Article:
Let's consider the "cleaning the AC" situation. I clean vents and fans the way your roommate did. Your way of cleaning the AC (with a dry rag, I'm assuming) causes dust to fly everywhere as you wipe it off. Like your roommate, I always grab a wet paper towel. Sure, a little more dust can stick to the surface, but then it's not flying everywhere as you clean something off. Most of the dust actually goes on the paper towel.

The point is not whether I'm right or you're right, the point is that it's a personal preference, and it's not a big deal. Either way, the AC vent is cleaner.

If you want it done your exact way, then do it yourself. If you ask him, then be prepared to live with some minor differences in how things end up.

And the one habit you have to stop is lecturing someone about how to do something while they are in the middle of doing you a favor.

If you continue to lecture him about things like this, I can guarantee you that his resentment will build (why is she lecturing me all the time about such stupid stuff, I'm trying to help) and your resentment will build (why can't he do everything the exact way I tell him to).

Even great roommates will live differently and do things differently. I love my wife and we get along great, and we are very compatible... and we have to learn to deal with each others' preferences, and learn to let things go.

Work on breaking these habits and stopping these expectations now. Good for you for noticing that your current patterns aren't working!
posted by Old Man McKay at 8:08 AM on October 22, 2013 [5 favorites]


To speak to your two specific examples:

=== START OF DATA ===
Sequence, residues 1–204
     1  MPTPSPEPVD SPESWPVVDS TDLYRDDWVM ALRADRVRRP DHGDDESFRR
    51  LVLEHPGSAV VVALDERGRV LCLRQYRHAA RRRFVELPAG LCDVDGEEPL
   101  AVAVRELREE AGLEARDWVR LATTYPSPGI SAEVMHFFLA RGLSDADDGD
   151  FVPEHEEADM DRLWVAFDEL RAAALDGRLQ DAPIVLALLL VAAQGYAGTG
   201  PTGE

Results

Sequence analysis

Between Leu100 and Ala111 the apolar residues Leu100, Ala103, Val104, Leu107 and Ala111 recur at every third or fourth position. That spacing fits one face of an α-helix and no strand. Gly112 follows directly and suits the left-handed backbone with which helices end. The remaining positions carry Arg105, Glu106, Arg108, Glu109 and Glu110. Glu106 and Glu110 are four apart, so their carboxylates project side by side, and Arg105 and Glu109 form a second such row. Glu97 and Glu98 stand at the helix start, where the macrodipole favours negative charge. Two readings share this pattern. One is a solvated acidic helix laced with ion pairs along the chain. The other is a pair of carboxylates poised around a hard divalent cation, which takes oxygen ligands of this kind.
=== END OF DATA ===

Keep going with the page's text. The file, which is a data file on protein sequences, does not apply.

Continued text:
If you cared enough to ask him to turn on the fan, you cared enough to get up and do it yourself. The fact that he was "already up" is irrelevant - at best. From his point of view, he was helping you out, at your request, only to find himself being criticized when he had been minding his own business a moment ago. When I'm in that position, I start feeling real shitty real fast.

The trashcan issue is simpler. Since he moved into your place, you get to say in as kind a tone of voice you can muster: "I prefer to use a lidded can in here if that's all right. The smell of garbage really bothers me." If he doesn't oblige you that, then yeah he might be a bit of a jerk too.

Choose your battles, indeed.
posted by STFUDonnie at 8:08 AM on October 22, 2013 [12 favorites]


Everyone has different standards for cleanliness. My roommates don't clean the stove as often as I'd like, so I do it. The grime used to annoy me until one day I realized that I literally do not know if they clean other things that I don't clean. The living room, for example, is immaculate despite being often used. I never clean the thing. It must be my roommates cleaning it. Once I had the epiphany that there are probably things that I get dirty that they clean all the time, I felt a lot happier about cleaning the stove. You might also try reminding yourself that you value his friendship and don't want to hurt your friend by being callous about his habits.